Our Place

Why they don’t care.
Most business entities (147) in Lake Geneva are not owned or operated by younger people.  The average age is approximately fifty-something or higher.  That age thing creates a problem.  It does support stuff like what Roger Brooks came to town and offered for a lot of money.  Old solutions to the problems of today, using old implements and tools.  A GSR staff member appeared before both the BID and Visit Lake Geneva and presented the very latest in high tech advertising capability a few months ago.  The newer cars and trucks being built, led by Tesla, have giant screens in the passenger compartment.  Those screens are wonders for mapping and letting everyone know how the vehicle is operating.  But there is this other thing called Google Earth.  Google, without charge, lets merchants design a cartoon drawing of their shop and then put down what’s available there, including allowing the ability to add or subtract sales or specials.  When one of those screens, in one of those new vehicles, goes by a shop that’s been put onto the site, the driver and passengers are alerted to that shop and what it is currently offering.

In Hawaii, a GSR staffer rented a Tesla.
The grandkids were in the car.  They made grandpa stop at three stores he never knew were there, and neither did they.  The shops appeared on the screen.  In an hour over $400 worth of goods were purchased, and all because of Google Earth and the grandkids’ understanding of how it all works.  If you have a business in Lake Geneva and are not using this new-fangled form of advertising to support your business, then you are not only making a serious financial mistake, you are also living in the past.  Being older does not have to be synonymous with being unaware, uninformed or not being able to “get it.”  Get it?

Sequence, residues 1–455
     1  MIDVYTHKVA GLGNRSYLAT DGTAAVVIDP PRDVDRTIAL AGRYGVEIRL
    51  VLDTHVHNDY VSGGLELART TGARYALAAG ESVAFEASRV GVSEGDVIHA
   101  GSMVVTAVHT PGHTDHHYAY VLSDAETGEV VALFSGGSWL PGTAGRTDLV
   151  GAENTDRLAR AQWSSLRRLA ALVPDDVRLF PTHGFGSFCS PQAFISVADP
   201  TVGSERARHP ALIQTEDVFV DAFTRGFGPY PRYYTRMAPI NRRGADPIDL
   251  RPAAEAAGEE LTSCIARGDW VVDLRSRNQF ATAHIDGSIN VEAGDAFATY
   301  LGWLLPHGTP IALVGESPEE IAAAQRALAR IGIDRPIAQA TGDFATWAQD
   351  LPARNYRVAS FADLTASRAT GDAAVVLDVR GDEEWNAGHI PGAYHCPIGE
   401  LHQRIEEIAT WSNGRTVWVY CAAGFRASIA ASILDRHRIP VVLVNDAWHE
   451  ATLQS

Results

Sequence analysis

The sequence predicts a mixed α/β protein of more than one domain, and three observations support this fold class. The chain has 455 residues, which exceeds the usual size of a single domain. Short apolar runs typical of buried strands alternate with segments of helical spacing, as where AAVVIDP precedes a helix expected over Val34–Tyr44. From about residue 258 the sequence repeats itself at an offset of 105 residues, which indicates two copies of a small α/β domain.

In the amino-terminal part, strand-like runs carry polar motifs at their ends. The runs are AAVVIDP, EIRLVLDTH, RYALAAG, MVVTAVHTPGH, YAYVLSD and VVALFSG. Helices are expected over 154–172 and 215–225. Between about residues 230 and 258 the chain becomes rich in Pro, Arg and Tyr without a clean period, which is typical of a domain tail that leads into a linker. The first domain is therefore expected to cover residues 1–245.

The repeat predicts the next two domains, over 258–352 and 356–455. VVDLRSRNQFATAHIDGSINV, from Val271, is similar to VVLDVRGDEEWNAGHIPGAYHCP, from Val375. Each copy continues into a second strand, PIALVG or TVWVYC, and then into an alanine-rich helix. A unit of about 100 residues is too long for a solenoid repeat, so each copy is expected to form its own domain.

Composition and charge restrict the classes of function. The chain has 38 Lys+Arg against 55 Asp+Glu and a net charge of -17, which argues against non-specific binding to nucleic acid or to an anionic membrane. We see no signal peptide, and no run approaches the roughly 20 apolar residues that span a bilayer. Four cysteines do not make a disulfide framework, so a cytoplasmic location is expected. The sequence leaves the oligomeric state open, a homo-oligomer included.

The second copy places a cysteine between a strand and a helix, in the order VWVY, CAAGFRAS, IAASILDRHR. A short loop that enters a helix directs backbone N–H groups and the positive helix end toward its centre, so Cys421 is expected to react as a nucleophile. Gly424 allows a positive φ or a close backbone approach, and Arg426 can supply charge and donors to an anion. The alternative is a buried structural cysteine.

Article by Terry O’Neill, Lake Geneva Resident, and former alderperson
The difference between the two sides on the Comprehensive Plan (in particular the Hillmoor issue and closing Wrigley Drive) is discontent. Those who want to save these areas as is, versus those who are discontented with them, and want to develop or redevelop them. The words “development and redevelopment” in essence means to erase and replace. The motivation for that erasure and replace is discontent, because, when people are content they like what they have and they oppose change. It is only the discontented that want to make changes. People from Wisconsin don’t go to Florida because they like the winters in Wisconsin; their motivation comes from their discontent with living in Wisconsin in the cold and snow for so long. People from the Chicago area are motived to come to Lake Geneva in summer for a break to get away from an urban reality, which means they are not content (that’s discontent) or they wouldn’t leave their own area. Unhappy people in the pursuit of happiness is the driving force behind people coming to Lake Geneva, and it is the same sort of people, with discontent, who want development and redevelopment. People who like what they currently have, don’t seek change. People, who don’t like what they have, seek change. The often resulting trouble with the pursuit of happiness is that it is pursued at the expense of someone else’s happiness, as is the case with the development of Hillmoor and the shutting down of Wrigley Drive. Since pain is often considered a greater motivator than comfort, the most disgruntled, even with fewer numbers, often win and decide the future for everyone.

Persons of the Week

Duersterbeck's Brewery, Ben and lLaura Johnson

Ben and Laura Johnson from Duesterbeck’s Brewery have enjoyed growing up on a family farm. Laura shares her knowledge of the land in her gardening class. They run the brewery, volunteer in the community while raising six kids.


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